by Marisa Keller, member of 350 Brattleboro and 350VT’s Writers for Climate Justice

Promote Global Solutions!

Top climate solutions and how you can help

Source: Drawdown: The Most Comprehensive Plan Ever Proposed to Reverse Global Warming; see more solutions at drawdown.org

 

Wind & solar power 

Wind and solar power provide clean, renewable energy that is cost-competitive with fossil fuels, especially when you factor in the cost of pollution, health impacts and hundred-billion-dollar government fossil-fuel subsidies.

  • Ask your local and federal legislators to end subsidies for fossil fuels and create renewable energy initiatives.
  • Support wind and solar projects; correct misinformation about wind turbines (new models address concerns such as danger to birds and bats)

 

Reduce food waste & eat more plants

Livestock produce one-fifth or more of global greenhouse gases and often graze on deforested land (see below). Meanwhile, a third of the food produced on Earth is wasted, along with the land, labor and fuel that went into its production and distribution. 

  • Eat a plant-focused diet
  • Buy meat only from farms that use sustainable practices and encourage others (including businesses and organizations) to do the same
  • Donate to Salvation Farms or volunteer for the VT Foodbank Gleaning Program

 

Restore tropical forests

Tropical forests have high carbon sequestration capacities, but deforestation (like the current burning in the Amazon) has reduced tropical forestland from 12% of Earth’s landmass to 5%. 

 

Family planning & girls’ education

Educating girls and providing reproductive health care to women results in families that are smaller, healthier, more prosperous and more resilient. 

 

Refrigerant disposal

The hydrofluorocarbons (HFCs) in fridges, supermarket cases and air conditioners have thousands of times the global warming potential (GWP) of carbon dioxide. Emissions can be avoided by recycling or chemically transforming HFCs during disposal.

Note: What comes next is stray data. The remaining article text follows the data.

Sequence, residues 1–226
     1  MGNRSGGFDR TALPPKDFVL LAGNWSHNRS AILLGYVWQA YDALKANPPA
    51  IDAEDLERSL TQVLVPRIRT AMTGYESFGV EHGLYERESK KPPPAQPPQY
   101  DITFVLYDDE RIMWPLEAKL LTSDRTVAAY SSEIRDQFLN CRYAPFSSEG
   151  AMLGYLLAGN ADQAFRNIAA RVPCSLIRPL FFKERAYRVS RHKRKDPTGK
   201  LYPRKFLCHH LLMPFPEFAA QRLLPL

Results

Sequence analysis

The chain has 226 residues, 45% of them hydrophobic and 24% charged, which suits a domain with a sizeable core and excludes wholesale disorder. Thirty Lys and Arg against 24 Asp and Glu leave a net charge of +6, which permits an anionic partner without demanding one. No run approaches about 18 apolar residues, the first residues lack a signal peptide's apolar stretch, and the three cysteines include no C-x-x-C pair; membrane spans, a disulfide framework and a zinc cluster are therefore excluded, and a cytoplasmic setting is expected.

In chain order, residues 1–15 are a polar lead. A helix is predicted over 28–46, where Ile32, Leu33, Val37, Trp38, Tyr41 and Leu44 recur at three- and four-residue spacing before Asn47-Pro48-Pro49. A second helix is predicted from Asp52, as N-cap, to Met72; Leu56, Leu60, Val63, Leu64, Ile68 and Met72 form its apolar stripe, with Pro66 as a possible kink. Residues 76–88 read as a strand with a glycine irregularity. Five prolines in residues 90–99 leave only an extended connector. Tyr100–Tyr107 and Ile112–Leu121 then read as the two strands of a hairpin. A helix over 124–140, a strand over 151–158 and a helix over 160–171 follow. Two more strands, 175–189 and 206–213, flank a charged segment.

Build Local Resiliency!

Create a community that can cope with climate challenges

Source: Drawdown and Minnesota GreenStep Cities’ best practices

 

Local food networks

Producing food locally creates jobs, keeps money in the community, and minimizes carbon emissions from transport and storage. Small local farms often use regenerative (carbon-sequestering) practices.

  • Buy local food whenever possible and encourage others (including businesses and organizations) to do the same
  • Donate to NOFA-VT’s Farm Share Program 

 

Locally generated renewable power

Producing renewable energy locally keeps money local, provides a buffer against grid outages, and eliminates the carbon emissions, pollution, health impacts and price fluctuations of fossil-fuel-generated power.

  • Advocate for renewable energy projects and infrastructure upgrades
  • Install solar panels, a heat pump, or a battery (assistance and rebates available from multiple sources)

 

Mobility options

Biking, walking, carpooling or taking mass transit reduces air pollution, traffic congestion and carbon emissions while increasing health, community livability and property values.

 

Social connectedness

Strong social networks reduce hardship and poverty and increase overall physical, mental and economic well-being in the community.

  • Join a community group or volunteer as a community mentor for a child
  • Share tools, garden space or cars with your neighbors

 

Green infrastructure

Impervious surfaces like roofs and pavement dramatically bump up summer temperatures and increase stormwater and pollution runoff issues. Rain gardens, trees and green roofs absorb sunlight and rain, filter out air and water pollution, and mitigate flooding.

  • Advocate for green infrastructure and related projects like solar-panel canopies for parking lots
  • Plant trees
  • Let your lawn grow to at least 3 inches before mowing to increase absorbency
  • Install rain barrels and gather water to use in your garden on dry days

 

Equity

Environmental degradation and human degradation are two sides of the same coin. To address climate change, we must change the systems that exploit both ecosystems and people for the benefit of a few.